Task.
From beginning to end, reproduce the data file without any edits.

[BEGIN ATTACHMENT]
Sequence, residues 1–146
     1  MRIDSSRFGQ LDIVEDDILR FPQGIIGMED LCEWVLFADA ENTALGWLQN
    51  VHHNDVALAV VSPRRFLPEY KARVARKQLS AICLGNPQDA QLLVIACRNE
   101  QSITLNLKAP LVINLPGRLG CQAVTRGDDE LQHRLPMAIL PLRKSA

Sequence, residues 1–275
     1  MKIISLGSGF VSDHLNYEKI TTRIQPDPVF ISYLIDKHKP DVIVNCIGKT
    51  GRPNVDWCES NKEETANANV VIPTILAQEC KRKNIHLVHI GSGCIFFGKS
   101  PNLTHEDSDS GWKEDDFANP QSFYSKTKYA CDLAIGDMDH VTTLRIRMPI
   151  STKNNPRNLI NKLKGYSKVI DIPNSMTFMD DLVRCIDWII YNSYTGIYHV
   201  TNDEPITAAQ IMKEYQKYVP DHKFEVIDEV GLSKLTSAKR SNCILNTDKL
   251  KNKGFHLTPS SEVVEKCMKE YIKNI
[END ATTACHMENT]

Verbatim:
Sequence, residues 1–146
     1  MRIDSSRFGQ LDIVEDDILR FPQGIIGMED LCEWVLFADA ENTALGWLQN
    51  VHHNDVALAV VSPRRFLPEY KARVARKQLS AICLGNPQDA QLLVIACRNE
   101  QSITLNLKAP LVINLPGRLG CQAVTRGDDE LQHRLPMAIL PLRKSA

Sequence, residues 1–275
     1  MKIISLGSGF VSDHLNYEKI TTRIQPDPVF ISYLIDKHKP DVIVNCIGKT
    51  GRPNVDWCES NKEETANANV VIPTILAQEC KRKNIHLVHI GSGCIFFGKS
   101  PNLTHEDSDS GWKEDDFANP QSFYSKTKYA CDLAIGDMDH VTTLRIRMPI
   151  STKNNPRNLI NKLKGYSKVI DIPNSMTFMD DLVRCIDWII YNSYTGIYHV
   201  TNDEPITAAQ IMKEYQKYVP DHKFEVIDEV GLSKLTSAKR SNCILNTDKL
   251  KNKGFHLTPS SEVVEKCMKE YIKNI